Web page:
Do NOT get all crazy when a crowdfunding platform dies

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People might be inclined to look at what happened to Contributoria recently and question the entire viability of crowdfunded journalism. The financial details of what exactly happened at are still unclear to me but God help us if the “death of crowdfunded journalism” talks begin. This kind of rhetoric can swell up anytime a journalism darling or promising project like Contributoria abruptly comes to an end.

So as some journalists decide to speculate or entertain this idea in order to appear objective and level-headed (that’s total catnip for some journalists,) let’s remember a few basic facts.

1. One crowdfunding platform does not spell the health of the crowdfunding industry

Whatever happened at Contributoria (we still don’t have specific financial details from Guardian or Contributoria staff,) the success or failure of a single crowdfunding platform doesn’t reflect the health of crowdfunding as a whole. Believing that to be true is like questioning the health of the restaurant industry because some notable name shut its doors. It’s like asking if the stock market is in trouble because a single company’s stock plummets.

Crowdfunding belongs to the audience and the creators and nobody else.

The platform can definitely make a difference. They can act as a marketplace or meeting place for people of a certain identity or view of the world or provide coaching or consulting, but every platform in the world could die out and crowdfunding could still have a significant impact.

I think a lot of people who study crowdfunding in journalism would argue that the creator or publication’s personal network and their ability to work with an engaged audience has more to do with a campaign’s success than a platform.

2. Crowdfunded journalism is making considerable amounts of money and there’s more than one success story out there

Whatever Contributoria’s total expenses were, there are examples of single campaigns that outweighed the total earning power of Contributoria over the span of 21 months.

Here are a couple of standout campaigns in the last few months:

– Radio Helsinki just raised about €350,000 (about $470,000)

– London-based Positive News brought in £260,000 with their campaign in July.

– One in three films shown at the SXSW Film Festival earlier this year were crowdfunded.

– Journalist Norman Finkelstein raised about £110,000 on the Byline platform

And there are hundreds of stories worth reading in our archives.

Also noteworthy: Campaigns have happened this year on platforms you’ve likely never heard of that outweigh the total amount earned by Kickstarter’s Journalism category and certainly more than Contributoria.

3. This is a growing trend in different parts of the world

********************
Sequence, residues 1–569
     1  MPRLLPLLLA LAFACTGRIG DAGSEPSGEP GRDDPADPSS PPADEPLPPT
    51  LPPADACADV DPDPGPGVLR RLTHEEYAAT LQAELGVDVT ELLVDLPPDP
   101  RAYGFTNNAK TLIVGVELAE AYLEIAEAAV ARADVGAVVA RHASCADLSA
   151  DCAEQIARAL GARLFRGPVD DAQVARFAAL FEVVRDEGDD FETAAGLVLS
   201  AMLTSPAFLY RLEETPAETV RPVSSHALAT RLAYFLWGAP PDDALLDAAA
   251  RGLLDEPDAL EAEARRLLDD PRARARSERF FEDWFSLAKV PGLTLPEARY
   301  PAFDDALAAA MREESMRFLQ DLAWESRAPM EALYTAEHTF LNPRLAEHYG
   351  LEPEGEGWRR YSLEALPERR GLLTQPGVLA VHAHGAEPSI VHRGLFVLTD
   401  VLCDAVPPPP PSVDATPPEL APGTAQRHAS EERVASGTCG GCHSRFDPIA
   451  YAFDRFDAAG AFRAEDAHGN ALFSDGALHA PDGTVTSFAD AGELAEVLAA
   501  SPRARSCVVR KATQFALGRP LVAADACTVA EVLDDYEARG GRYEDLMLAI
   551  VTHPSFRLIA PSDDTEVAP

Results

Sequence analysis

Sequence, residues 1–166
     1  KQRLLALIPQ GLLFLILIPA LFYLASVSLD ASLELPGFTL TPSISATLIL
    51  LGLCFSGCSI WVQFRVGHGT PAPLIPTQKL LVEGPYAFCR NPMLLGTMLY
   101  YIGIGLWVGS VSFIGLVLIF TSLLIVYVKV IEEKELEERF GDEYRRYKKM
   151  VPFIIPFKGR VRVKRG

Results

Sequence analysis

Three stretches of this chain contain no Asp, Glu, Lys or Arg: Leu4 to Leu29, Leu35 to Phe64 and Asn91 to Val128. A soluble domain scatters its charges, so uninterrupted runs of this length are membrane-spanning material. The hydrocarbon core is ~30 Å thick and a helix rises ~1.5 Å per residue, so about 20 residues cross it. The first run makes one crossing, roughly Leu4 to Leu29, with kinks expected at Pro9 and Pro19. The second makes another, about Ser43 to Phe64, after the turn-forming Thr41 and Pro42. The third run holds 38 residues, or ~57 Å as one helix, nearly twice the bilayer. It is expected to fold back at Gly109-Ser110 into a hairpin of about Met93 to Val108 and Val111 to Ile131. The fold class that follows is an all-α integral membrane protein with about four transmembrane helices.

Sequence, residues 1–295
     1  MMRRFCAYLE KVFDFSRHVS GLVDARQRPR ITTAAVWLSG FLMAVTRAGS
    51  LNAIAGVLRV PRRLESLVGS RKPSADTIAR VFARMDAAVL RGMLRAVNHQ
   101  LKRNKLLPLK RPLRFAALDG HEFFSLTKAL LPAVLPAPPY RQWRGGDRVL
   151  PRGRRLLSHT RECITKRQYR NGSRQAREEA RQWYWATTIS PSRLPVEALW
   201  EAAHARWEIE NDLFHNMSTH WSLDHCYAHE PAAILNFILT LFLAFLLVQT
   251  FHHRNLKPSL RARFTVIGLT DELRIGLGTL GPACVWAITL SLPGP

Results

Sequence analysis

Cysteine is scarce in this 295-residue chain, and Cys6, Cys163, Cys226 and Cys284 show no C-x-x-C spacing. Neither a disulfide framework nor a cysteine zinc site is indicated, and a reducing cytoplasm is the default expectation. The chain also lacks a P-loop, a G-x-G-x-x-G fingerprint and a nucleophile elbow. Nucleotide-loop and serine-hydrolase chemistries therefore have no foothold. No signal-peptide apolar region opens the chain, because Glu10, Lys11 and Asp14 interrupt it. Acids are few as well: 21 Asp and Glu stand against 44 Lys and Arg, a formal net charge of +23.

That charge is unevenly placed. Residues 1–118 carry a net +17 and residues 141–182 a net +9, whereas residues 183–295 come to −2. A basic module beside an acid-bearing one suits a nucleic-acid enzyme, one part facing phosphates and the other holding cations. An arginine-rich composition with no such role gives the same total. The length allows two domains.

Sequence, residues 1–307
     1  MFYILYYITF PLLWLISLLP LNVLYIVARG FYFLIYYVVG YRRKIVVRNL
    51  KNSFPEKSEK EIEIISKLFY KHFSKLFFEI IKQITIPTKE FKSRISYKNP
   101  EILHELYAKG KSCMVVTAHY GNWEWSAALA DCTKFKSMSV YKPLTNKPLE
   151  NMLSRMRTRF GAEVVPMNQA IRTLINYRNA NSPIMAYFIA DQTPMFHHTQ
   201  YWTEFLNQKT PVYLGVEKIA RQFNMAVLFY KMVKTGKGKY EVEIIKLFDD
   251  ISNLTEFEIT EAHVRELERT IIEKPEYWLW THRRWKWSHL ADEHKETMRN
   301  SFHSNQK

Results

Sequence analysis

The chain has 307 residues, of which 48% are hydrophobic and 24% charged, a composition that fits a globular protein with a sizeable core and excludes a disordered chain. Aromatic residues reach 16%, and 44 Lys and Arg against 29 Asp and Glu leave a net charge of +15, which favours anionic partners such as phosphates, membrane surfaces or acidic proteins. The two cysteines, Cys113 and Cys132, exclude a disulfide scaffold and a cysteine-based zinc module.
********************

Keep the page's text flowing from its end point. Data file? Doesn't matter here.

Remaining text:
It isn’t easy to see the full picture when there are dozens of platforms around the world but crowdfunding is being tried and experimented with and it is easy to see the growing success if you take a good look at platforms and independent operations.

German operations like Deepr, Correctiv and Kickstarter.

Umbrella revolution campaigns.

4. Crowdfunding platforms die. It happens.

Nobody got all worked up when investigative journalism platform Uncoverage, which received coverage from the New York Times and CJR before its launch, never got off the ground.

Or when documentary platform Vourno failed to go anywhere or photo platform Emphas.is went insolvent.

Like Contributoria, they were initially celebrated but eventually faded away.

There are also several zombie platforms out there – those are platforms that can still be found online but appear to be abandoned by whatever, if any, community they were initially able to attract.

5. Contributoria staff believe crowdfunding in journalism has a bright future

The story of Contributoria can be told by by a lot of people but editor Sarah Hartley told us that while there were challenges at Contributoria, “The closure of Contributoria shouldn’t reflect any particular trend in crowdfunding for journalism. People clearly want to be part of the journalism process, and the team here feels crowdfunding will continue to be a big opportunity in the future. If anything, Contributoria merely scratched the surface.”

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Khari Johnson
Khari is founder and editor of Through the Cracks: Crowdfunding in Journalism. He also writes about bots and artificial intelligence for VentureBeat. He has built news startups in the U.S. and Europe for the last decade.

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